Good Monday, comrades, and welcome back. With an IPO on deck it should be an interesting week.
Today we’re taking stock of Line’s final IPO figures to help understand private social valuations, and celebrating new intraday highs for the S&P 500. Personal finance wonks, this one is for you.
Markets Reach Fresh Highs
Your 401k is in good shape today, with each the three major US indices trading up. The Nasdaq is a few points from 5,000, and the S&P 500 set a new intraday high in this morning’s trading.
How long have the times been good? Quite a fucking long time, as it turns out. Longer than you likely thought. For some context and profanity-free copy, I give you Reuters:
The second-longest bull market in the S&P’s history. That should explain at least some of the value creation we have seen on the private side of the divide.
Looking more narrowly, each of the three 2016 tech IPOs is up from its offering price as of the time of writing, and the Big Five — Alphabet, Amazon, Apple, Facebook, Microsoft — are all up in today’s trading. So, today at least the sky is not falling.
The social-mobile firm Line priced its IPO over the weekend, selecting a 3,300 yen per-share cost for the offering. At its IPO price Line is valued at $6.9 billion, according to Bloomberg, which also notes that the company could raise up to $1.3 billion in its debut.
Does that $6.9 billion valuation make sense? The company’s top line was greater than $1 billion in 2015, and its most-recently reported quarter puts the company on a quicker pace for 2016. So, the company is debuting at under 7x times sales. If you round Line’s first quarter revenue to $300 million and presume no growth for the rest of year, the company will debut at less than 6x forward sales.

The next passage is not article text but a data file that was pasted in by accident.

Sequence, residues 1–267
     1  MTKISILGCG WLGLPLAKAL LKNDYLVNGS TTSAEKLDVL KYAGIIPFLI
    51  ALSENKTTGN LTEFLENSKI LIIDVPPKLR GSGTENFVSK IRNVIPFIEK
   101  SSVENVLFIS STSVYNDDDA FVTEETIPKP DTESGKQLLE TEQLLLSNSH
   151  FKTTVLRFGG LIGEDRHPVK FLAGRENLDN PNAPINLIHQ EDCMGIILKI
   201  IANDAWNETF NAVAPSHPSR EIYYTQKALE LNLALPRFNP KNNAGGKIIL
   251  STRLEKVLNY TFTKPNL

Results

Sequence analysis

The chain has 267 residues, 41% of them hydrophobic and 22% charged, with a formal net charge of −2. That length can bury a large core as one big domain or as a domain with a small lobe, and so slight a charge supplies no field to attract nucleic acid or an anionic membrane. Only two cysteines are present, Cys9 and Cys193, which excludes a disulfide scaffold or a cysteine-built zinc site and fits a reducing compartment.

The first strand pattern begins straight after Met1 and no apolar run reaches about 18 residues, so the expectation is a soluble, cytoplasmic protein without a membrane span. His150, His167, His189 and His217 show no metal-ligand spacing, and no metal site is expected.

Is that high or low? I’m not sure, but we can use a public-market analog to help. Twitter, get over here.
In its first quarter, Twitter brought in revenue of $595 million. The company has seasonally impacted revenue, mind, meaning that Twitter posted a year-over-year gain in terms of its top line, but a sequential decline compared to the fourth quarter of 2015. However, for our purposes today, the $595 million figure will suffice.
Using the same method as before to calculate Twitter’s forward revenue multiple compared to its current $12.27 billion valuation gives us a ratio of 5.1x. That’s slightly behind Line, but not wildly so. Smoothing over a grip of rough edges that our analogy presents, it seems that Line is aiming for a slightly richer valuation on a per-dollar revenue basis.
Which isn’t that crazy. Twitter has been pummeled by investors in recent quarters, depressing its value as concerns about its slack user growth persist. If you don’t think you can do better than that are your debut, why go public?
Line goes public Thursday. Get ready.
Requisite Pokemon Go Reference
Now have a double espresso with ice and write that email you’ve been dreading.